Blackfriars Consensus proposes preventative approach to dementia risk
Posted on Fri 23 May 2014
Dementia specialists from policy, public health, research and voluntary and community backgrounds have pledged their commitment to the "Blackfriars Consensus", a statement which proposes a more preventative approach to curbing the widespread development of dementia. The report acknowledges increasing research to emphasise the role of liftstyle factors in the development of some forms of dementia, for example, vascular dementia. Highlighting the success of previous public health campaigns, such as those linking tobacco use to lung cancer, the coalition suggest that interventions to address risk factors (such as tobacco, poor diet, physical inactivity and alcohol) could help curb intermediate disease precursors such as raised blood pressure, raised blood cholesterol, obesity and diabetes, and in turn limit the risk and severity of dementia.
The report also highlights the importance of existing health inequalities, both as increasing the existence of risk factors for dementia, but also as a factor which must be taken into account with any public health strategies- interventions must seek to include vulnerable or excluded groups to reduce the risk that these groups are excluded from their benefits.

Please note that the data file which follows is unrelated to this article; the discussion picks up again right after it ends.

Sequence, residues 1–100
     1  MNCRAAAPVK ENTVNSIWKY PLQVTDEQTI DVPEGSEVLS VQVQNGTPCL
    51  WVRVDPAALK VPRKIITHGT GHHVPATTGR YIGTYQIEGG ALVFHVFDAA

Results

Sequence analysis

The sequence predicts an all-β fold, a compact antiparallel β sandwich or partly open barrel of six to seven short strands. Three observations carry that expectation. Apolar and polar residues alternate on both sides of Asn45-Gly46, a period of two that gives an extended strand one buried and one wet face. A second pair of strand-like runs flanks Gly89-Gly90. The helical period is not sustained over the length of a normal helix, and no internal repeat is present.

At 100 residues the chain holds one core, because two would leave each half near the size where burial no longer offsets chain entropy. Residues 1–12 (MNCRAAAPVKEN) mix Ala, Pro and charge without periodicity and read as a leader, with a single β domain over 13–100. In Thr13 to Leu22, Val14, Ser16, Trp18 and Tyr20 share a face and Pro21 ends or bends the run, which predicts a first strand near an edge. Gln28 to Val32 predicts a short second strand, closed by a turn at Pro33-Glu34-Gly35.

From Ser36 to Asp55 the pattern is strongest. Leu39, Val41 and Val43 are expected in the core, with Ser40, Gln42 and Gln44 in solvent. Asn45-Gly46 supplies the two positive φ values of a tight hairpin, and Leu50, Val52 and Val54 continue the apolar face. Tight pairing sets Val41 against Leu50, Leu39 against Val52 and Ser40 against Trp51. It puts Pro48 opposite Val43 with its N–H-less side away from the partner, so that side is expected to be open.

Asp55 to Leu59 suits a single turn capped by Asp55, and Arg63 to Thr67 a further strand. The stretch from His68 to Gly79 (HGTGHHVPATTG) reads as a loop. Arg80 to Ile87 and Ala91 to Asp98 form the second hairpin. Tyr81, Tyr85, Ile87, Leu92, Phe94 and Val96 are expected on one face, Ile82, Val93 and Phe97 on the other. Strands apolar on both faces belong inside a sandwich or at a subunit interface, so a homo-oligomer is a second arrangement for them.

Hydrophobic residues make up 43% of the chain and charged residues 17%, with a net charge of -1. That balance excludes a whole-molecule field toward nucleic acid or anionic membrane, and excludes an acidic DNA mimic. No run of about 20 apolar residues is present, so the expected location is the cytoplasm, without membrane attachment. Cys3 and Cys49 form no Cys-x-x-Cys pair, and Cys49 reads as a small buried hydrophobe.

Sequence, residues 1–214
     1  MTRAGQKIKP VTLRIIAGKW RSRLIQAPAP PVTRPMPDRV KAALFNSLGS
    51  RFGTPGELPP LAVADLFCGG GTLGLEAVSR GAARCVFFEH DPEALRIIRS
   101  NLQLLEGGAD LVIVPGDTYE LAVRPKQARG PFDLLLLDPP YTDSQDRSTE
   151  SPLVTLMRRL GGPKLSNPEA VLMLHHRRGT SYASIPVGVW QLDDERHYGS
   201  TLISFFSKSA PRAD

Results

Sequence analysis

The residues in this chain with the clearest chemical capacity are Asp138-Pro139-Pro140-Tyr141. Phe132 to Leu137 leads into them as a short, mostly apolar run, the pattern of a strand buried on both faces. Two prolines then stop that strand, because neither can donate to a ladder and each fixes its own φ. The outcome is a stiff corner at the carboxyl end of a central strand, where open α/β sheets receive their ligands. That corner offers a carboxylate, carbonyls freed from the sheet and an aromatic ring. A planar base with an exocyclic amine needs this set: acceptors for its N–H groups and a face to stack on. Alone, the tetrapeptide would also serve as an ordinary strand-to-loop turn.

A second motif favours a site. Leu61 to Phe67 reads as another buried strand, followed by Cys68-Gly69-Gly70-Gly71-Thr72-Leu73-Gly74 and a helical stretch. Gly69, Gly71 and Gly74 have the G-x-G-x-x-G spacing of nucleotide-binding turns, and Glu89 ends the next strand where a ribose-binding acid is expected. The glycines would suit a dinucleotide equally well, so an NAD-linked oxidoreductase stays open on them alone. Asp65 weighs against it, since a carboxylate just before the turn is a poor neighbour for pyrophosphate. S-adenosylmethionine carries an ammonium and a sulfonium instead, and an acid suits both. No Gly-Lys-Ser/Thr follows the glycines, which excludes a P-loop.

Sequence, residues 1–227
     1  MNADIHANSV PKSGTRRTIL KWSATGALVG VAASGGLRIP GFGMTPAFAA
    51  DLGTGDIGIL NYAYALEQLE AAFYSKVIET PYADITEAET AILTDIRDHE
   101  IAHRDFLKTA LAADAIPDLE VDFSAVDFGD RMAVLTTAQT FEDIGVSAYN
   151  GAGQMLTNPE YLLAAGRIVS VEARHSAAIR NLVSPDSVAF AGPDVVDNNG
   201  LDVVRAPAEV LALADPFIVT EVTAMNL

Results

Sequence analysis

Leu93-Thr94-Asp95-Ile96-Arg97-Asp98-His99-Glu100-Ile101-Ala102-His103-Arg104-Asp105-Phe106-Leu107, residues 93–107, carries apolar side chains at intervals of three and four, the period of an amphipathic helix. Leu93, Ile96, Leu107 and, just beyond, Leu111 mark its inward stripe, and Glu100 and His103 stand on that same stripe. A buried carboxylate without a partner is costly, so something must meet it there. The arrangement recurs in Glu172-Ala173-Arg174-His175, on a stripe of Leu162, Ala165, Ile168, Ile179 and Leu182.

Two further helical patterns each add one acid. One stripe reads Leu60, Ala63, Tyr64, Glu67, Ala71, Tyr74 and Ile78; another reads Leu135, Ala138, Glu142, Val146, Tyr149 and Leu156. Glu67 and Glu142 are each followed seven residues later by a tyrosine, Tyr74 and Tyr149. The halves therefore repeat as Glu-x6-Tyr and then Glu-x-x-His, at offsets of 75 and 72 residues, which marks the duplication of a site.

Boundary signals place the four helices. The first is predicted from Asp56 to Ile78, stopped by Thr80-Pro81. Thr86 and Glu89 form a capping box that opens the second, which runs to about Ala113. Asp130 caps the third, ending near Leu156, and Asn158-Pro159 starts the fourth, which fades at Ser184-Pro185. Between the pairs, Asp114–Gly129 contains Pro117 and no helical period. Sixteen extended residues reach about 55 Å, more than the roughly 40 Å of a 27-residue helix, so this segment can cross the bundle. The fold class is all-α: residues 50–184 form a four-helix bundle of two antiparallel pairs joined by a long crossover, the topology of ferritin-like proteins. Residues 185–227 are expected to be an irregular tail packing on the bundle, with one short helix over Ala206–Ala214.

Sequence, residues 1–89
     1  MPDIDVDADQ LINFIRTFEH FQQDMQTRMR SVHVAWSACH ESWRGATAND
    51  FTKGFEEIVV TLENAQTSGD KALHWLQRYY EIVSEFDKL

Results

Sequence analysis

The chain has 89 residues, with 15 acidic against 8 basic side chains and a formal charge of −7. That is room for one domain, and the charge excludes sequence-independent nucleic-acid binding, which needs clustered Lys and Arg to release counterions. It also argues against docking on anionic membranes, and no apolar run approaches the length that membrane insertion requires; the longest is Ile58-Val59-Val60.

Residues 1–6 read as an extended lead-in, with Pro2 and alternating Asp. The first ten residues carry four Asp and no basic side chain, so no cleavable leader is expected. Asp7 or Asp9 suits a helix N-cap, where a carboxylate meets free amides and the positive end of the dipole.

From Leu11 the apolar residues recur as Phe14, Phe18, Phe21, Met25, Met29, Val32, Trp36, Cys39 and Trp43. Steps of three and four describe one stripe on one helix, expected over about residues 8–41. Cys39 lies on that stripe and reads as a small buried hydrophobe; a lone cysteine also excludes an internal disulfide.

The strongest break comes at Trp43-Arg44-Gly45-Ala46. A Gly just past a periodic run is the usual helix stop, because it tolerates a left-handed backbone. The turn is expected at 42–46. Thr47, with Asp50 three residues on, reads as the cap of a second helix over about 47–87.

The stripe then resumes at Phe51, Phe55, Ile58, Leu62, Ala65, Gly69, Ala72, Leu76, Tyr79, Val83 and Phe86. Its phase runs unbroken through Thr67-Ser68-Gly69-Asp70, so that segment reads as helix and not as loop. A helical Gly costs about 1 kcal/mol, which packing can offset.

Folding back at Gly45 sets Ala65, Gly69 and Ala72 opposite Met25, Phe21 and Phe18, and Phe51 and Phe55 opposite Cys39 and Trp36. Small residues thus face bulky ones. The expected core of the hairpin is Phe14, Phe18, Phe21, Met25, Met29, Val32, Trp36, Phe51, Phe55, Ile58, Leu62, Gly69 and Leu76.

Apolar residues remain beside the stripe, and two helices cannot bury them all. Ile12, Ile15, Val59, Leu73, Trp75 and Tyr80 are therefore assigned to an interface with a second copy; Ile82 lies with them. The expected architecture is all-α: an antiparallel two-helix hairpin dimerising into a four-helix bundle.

This is particularly critical for black and minority ethnic groups. Evidence from our recent briefing suggests that many communities have been excluded from the existing Dementia Strategy. Not only is there evidence that some black and minority ethnic groups are at increased risk of dementia, but barriers such as stigma, limited awareness of services and a lack of culturally appropriate care have limited access to diagnosis and treatment.
- See the Blackfriars Consensus
- See our briefing, Black and minority ethnic communities and dementia: Where are we now?